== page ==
Today, in a letter to investors (PDF link), Netflix announced that its subscriber rolls have topped 50 million people worldwide. (For a couple points of comparison, Time Warner claims 127 million HBO/Cinemax subscribers, and ever-secretive Amazon has only admitted that it has something more than 20 million Prime subscribers.) Those 50 million subscribers translated into a $71 million profit for Netflix, more than double its $30 million take from the year-ago quarter. The subscriber growth also comes in spite of a price hike in May that raised the price of Netflix streaming from $8 a month to $9 a month for new subscribers. “There was minimal impact on membership growth from this price change,” the company boasts.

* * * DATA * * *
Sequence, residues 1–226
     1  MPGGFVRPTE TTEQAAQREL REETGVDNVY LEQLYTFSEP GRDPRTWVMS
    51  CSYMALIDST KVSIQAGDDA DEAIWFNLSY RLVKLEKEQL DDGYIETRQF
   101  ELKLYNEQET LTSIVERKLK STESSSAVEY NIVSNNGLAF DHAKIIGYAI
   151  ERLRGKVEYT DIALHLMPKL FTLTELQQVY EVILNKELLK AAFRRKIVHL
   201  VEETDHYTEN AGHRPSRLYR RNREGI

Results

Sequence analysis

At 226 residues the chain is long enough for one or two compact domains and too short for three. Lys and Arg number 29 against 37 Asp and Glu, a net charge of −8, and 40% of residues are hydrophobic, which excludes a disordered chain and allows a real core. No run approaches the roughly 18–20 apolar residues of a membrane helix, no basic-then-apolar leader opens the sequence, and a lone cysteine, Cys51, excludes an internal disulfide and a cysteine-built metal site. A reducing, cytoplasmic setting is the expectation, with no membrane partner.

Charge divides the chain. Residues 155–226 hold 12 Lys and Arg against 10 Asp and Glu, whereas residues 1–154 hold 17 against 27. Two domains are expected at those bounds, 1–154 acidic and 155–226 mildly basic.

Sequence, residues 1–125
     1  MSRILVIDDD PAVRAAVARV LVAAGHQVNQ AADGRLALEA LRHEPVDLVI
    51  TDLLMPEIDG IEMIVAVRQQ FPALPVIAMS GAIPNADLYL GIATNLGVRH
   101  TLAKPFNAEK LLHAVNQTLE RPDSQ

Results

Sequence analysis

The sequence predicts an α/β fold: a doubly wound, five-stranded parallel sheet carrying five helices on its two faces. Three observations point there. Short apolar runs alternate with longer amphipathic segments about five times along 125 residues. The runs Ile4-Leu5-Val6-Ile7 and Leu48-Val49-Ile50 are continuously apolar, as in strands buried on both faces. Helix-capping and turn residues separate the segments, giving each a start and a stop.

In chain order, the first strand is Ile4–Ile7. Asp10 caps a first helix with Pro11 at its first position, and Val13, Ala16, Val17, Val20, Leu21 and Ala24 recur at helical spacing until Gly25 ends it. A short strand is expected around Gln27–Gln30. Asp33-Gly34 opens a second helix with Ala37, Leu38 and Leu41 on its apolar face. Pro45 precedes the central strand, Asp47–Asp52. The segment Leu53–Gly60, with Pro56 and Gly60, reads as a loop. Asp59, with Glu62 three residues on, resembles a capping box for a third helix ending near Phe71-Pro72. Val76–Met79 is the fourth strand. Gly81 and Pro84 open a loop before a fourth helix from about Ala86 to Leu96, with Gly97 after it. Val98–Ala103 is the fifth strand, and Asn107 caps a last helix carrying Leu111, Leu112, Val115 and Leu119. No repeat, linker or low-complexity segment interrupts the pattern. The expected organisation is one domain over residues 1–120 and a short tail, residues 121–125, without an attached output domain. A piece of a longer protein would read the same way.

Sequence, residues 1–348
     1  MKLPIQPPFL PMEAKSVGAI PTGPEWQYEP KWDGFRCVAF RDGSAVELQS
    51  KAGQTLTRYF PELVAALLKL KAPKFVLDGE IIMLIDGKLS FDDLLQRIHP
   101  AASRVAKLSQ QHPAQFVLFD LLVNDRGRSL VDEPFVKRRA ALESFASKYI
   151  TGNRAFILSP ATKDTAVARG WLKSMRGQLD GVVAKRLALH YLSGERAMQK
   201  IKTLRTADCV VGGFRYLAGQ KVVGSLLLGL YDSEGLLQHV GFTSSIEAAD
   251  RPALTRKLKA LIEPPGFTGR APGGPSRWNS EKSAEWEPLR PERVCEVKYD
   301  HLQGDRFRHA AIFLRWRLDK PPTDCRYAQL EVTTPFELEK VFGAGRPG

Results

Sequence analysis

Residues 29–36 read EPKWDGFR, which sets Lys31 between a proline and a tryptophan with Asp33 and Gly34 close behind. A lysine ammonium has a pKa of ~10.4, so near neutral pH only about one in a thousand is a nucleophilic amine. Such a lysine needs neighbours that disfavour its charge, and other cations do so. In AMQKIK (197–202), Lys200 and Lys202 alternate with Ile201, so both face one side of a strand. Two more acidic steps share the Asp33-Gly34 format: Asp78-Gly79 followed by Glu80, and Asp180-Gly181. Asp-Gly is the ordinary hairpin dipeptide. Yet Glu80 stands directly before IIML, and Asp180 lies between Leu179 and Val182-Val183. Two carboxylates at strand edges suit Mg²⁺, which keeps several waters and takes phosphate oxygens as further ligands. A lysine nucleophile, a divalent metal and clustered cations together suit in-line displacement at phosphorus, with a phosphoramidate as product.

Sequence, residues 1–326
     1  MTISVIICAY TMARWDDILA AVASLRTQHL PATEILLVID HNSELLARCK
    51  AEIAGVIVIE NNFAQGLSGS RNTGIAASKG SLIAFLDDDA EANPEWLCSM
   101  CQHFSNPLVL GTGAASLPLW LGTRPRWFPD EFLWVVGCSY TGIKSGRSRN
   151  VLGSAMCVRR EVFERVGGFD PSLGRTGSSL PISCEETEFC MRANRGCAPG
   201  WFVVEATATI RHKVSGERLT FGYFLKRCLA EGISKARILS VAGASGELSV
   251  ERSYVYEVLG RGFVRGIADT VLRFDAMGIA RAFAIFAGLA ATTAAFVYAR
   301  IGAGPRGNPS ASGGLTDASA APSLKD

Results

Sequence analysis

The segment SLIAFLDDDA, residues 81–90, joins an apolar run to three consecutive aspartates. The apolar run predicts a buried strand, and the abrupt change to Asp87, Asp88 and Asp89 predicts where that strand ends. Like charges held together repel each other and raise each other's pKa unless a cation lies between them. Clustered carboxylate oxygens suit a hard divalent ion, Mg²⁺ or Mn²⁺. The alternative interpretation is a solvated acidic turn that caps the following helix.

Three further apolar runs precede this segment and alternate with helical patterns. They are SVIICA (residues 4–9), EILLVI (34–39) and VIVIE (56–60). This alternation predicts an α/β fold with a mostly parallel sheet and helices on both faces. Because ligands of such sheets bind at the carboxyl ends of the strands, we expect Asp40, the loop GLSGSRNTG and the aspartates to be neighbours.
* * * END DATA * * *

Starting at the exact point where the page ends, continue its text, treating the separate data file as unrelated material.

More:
When it was done announcing its world-beating success, Netflix turned its attention to the cable companies and Internet service providers for which it holds unending scorn. As ever, the company says its focus is “on strong net neutrality” in the interest of “preventing large ISPs from holding our joint customers hostage with poor performance to extract payments from us, other Internet content firms, and Internet transit suppliers.” To that end, the letter also said that Netflix opposes the pending Comcast-Time Warner Cable merger on the same grounds that most non-plutocrats oppose it: The deal will combine two enormous, largely unchecked monsters of telecommunications into one even more monstrous beast. Then again, Netflix is starting to look pretty monstrous itself.